4. Dot the ‘i’s and cross the ‘t’s: Read our eligibility criteria carefully to ensure you meet our requirements for the programme and be proactive in filling in any missing gaps, particularly if you completed your qualifications outside the UK. You’ll also need to complete a subject knowledge test if you pass our eligibility screening, so be sure to spend some time looking at the curriculum of your chosen subject.

5. Practise and perfect: Alongside the subject knowledge test, you’ll complete a situational judgement assessment, which looks at how you’d react in different school situations. There are some sample questions for this on our website, which you can use to practise. We’d also recommend practising for your interview with us, if you’re invited to an assessment day, so you can answer our questions confidently.

Followed our tips and ready to submit your application? Apply today and join us in transforming lives through education. 

Teacher Training applications – a step-by-step guide and what happens next?

By | Hints & Tips

It may seem complicated and long-winded, but applying is easy! Follow our step-by-step guide to complete your application and read on to find out what to expect after you hit submit.

Step 1: Before you apply, check you meet our programme criteria. Any questions? Get in touch.

Step 2: Decide what you want to teach and where. We offer a wide-range courses from primary to physics, music to MFL, in four locations across the UK.

Step 3: Complete our online eligibility form and apply via our website

OR

Step 3: Search for Ark Teacher Training on UCAS via our provider code 1CS. Fill out your application which will include writing a personal statement, listing references and completing a professional skills test.

Step 5: Apply!

So, what happens next?

You’ll have to complete a couple of online tests, this includes a subject knowledge test and situational judgement test (you can try out a few practice questions).

If you pass the online screening, you’ll be invited to an assessment day, this consists of a pre-prepared presentation and an interview with our recruitment team.

If you’re successful at the assessment day, you’ll be invited to a school assessment, where you will visit your potential training school to deliver a short lesson and have an interview with a member of the senior leadership team.

If you’re successful at the school assessment – congratulations! You will receive a conditional offer from our recruitment team.

Before you start in the classroom in September, you will have:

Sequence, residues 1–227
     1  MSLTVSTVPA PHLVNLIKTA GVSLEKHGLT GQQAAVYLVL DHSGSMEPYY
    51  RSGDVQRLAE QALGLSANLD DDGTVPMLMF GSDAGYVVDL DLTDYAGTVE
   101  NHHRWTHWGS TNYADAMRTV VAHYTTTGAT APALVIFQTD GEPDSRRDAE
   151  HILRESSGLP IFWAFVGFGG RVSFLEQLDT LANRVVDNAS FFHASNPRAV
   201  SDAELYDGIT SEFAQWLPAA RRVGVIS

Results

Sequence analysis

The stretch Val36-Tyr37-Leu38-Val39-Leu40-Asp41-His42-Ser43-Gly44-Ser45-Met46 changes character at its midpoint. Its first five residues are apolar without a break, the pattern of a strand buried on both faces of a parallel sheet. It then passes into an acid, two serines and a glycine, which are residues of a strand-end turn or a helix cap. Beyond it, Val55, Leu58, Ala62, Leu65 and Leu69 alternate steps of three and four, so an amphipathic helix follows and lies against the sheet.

• Tutor induction meeting
  • School orientation experience
  • Two-week summer school

Ark Teacher Training is committed to safeguarding students in our partner schools. As part of your assessments and checks you will be asked to completed an enhanced DBS check as well as other background checks and questions focused on the protection of students.

Why choose School Direct?

By | Hints & Tips

Ark Teacher Training is a school-led teacher training programme known as School Direct. The School Direct programme is suitable for both recent graduates and career changers. Two main types of funding are available for Ark Teacher Training via School Direct: bursaries for recent graduates and salaries for career changers.

As a School Direct trainee, you will complete your training in a school of your choice, whilst also gaining experience in other schools during your training. You will be in the classroom from day one, but we won’t throw you in at the deep end. You’ll receive 500 hours of face-to-face training, focusing on both theory and practice, as well as support from in-school coaches, a dedicated tutor and education experts throughout your training.

_dsc9696Unsure if School Direct is right for you? Hear from our trainees…

“I knew that my strength and comfort was in university life. What I really needed, was lots and lots of practice at teaching. Being fully immersed in life at Ark Conway has been a great decision!” – Stephen Rodwell, primary trainee, Ark Conway Primary Academy.

“The availability of the salaried route through School Direct made my career change from journalist to teacher possible, otherwise it wouldn’t have added up financially.” – Chris Gray, primary NQT and former Ark Teacher Training trainee, Ark Oval Primary Academy.